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Last week, the doors were officially opened at the newly renovated Hambleton Hall in Simcoe, Ont. Members of Simcoe’s Immanuel Christian Reformed Church have been busy assembling furniture and moving tenants into their new home.

With 35 permanent units and five transitional units, including eight barrier-free units with lift system supports, this is Indwell’s latest affordable housing development. Indwell, formerly Homestead Christian Homes, provides supportive housing in Hamilton, Woodstock, and now Simcoe with 24-hour on-site services and independent apartments with community support. Hambleton Hall is the third project completed by Indwell this year.

“It’s been a time of unprecedented growth, but equally unprecedented need, which we see in more applications than ever before,” said Teresa Howe, community engagement manager at Indwell. 
Two years ago, Hambleton Hall was just an idea brought forward by Immanuel CRC and other area churches.

“As a church, we participated in a multi-church community opportunity scan that highlighted the need for affordable housing in Simcoe.” said Jeff Vandermeer, pastor at Immanuel CRC. The church connected with Indwell, and in that same week, Simcoe’s social housing service also contacted Indwell. “That week served as a catalyst to the entire project,” said Vandermeer.

“It was almost exactly two years ago when 20 people came to see what we were doing in Hamilton. Two years from idea to operational. That is a phenomenal timeline,” said Jeffrey Neven, executive director of Indwell.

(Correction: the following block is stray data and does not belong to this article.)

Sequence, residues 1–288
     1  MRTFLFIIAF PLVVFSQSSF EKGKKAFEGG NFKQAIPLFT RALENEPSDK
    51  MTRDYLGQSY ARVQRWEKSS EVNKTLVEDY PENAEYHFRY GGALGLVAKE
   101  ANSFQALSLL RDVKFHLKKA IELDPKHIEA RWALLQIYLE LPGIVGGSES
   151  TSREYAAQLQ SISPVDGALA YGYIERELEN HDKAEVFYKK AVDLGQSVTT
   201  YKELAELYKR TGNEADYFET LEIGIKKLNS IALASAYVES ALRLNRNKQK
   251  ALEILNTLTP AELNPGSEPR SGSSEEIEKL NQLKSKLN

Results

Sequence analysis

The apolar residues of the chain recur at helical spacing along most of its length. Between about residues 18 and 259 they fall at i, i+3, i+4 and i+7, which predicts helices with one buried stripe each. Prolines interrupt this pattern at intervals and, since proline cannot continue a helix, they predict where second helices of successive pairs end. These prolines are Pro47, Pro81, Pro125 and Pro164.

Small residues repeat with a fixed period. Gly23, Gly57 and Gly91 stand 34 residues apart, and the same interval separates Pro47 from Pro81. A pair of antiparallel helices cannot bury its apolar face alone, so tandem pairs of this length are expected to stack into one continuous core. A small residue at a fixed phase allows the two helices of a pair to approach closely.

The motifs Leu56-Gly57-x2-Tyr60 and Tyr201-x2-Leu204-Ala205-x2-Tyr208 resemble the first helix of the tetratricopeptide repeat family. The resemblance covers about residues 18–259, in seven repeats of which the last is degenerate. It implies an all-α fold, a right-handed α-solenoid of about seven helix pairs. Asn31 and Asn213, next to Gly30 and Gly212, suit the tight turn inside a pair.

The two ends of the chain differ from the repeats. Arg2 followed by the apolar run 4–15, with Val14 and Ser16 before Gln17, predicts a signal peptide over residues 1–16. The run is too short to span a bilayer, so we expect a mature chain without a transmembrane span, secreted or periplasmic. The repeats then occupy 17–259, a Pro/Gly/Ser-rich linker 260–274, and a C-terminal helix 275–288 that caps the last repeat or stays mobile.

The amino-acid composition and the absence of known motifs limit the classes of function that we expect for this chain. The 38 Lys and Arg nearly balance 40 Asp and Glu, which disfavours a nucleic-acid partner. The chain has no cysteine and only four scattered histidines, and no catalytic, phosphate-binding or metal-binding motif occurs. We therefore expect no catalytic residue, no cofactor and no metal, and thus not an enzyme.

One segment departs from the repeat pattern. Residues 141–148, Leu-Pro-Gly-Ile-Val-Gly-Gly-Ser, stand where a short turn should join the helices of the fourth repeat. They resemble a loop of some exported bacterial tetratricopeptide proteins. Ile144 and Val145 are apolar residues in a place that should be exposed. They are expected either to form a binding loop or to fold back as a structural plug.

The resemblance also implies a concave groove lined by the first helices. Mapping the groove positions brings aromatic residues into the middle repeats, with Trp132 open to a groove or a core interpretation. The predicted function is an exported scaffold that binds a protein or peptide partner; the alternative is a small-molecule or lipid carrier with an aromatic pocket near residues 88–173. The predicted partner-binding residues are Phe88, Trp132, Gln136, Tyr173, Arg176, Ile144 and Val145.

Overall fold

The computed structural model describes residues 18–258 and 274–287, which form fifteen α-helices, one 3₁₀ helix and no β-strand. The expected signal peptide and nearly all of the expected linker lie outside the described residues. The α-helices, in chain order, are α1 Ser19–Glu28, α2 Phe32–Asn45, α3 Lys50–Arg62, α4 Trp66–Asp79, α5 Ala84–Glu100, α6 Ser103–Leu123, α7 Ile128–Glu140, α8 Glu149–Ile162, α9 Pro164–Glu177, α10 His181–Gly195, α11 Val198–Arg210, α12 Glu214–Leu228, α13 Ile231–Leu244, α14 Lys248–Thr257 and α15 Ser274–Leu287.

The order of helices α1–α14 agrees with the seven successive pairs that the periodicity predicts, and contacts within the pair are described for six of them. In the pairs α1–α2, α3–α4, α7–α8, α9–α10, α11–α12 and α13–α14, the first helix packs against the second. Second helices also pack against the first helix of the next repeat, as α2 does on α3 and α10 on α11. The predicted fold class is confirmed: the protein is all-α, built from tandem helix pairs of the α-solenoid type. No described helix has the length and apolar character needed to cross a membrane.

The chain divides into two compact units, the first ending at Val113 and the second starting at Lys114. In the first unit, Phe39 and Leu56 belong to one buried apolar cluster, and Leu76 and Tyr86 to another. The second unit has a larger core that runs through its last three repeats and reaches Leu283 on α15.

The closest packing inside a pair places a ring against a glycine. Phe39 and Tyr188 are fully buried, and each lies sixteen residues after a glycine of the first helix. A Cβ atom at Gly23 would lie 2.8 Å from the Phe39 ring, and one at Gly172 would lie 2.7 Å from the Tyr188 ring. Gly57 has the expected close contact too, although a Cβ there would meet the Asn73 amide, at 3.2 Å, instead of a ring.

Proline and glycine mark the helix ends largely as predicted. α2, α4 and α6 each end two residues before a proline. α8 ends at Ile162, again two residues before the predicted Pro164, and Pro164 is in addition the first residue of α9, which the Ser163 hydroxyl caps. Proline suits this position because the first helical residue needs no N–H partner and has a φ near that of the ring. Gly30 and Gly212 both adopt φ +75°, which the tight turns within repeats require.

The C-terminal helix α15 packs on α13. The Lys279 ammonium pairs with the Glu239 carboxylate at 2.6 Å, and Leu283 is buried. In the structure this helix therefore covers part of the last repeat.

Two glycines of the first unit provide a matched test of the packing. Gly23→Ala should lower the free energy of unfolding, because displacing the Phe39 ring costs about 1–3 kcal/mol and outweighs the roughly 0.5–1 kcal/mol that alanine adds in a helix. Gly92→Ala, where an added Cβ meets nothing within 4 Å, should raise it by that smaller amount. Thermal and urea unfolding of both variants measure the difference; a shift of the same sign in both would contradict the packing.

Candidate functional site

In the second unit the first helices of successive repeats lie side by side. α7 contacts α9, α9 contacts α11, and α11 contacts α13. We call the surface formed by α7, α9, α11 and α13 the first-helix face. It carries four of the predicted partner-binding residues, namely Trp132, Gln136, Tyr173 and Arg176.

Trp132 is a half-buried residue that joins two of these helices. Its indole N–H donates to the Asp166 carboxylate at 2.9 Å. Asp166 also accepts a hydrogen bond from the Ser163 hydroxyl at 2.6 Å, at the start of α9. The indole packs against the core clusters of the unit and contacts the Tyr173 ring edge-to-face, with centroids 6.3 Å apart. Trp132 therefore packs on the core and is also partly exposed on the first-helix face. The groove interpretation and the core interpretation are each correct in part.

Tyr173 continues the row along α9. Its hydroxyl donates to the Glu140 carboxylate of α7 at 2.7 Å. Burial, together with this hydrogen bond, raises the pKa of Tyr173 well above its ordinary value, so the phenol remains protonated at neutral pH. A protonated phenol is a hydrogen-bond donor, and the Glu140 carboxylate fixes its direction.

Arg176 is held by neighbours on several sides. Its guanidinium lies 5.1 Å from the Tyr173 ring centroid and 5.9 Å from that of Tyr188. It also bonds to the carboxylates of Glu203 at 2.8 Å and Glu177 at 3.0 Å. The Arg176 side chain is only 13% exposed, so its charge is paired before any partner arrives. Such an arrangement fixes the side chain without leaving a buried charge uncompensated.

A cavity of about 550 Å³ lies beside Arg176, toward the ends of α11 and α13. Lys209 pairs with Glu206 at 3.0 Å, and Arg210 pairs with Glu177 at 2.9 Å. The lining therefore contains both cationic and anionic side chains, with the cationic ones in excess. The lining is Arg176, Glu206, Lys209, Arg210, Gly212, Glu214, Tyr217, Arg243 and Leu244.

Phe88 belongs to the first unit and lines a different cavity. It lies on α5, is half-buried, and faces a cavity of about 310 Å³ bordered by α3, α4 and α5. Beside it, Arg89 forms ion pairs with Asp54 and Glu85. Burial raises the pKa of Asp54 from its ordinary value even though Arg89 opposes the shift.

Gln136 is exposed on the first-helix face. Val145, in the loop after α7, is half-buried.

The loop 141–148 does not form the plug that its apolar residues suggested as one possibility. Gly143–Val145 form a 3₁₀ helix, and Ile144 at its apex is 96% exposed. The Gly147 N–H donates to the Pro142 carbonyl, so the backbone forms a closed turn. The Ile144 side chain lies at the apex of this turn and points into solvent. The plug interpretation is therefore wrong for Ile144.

Hambleton Hall was built in the 1950s as a Sunday School hall. The building needed significant work, but architects preserved some original features, including hardware, the parlor ceiling, and stained glass windows.

“The tenants are so excited to be here. Many have stories of being in the building before it became vacant, and they can appreciate how the renovations really embrace the building,” said Debra VanderMeer, program staff member at Hambleton Hall.

“The community was excited to see this building transformed, that it wasn’t torn down. The building itself becomes a metaphor for transformation,” said Neven. It was an opportunity to transform a building and transform tenants’ lives, but also to transform a community.

Because of the community scan, a multi-church group called Church Out Serving has formed, organizing furniture for tenants at Hambleton Hall and looking forward to serving Simcoe in more ways.
Debra Vandermeer is excited to get to know the tenants and be a part of their lives: “There is so much hope, and it is awesome to help foster an environment of community here.”

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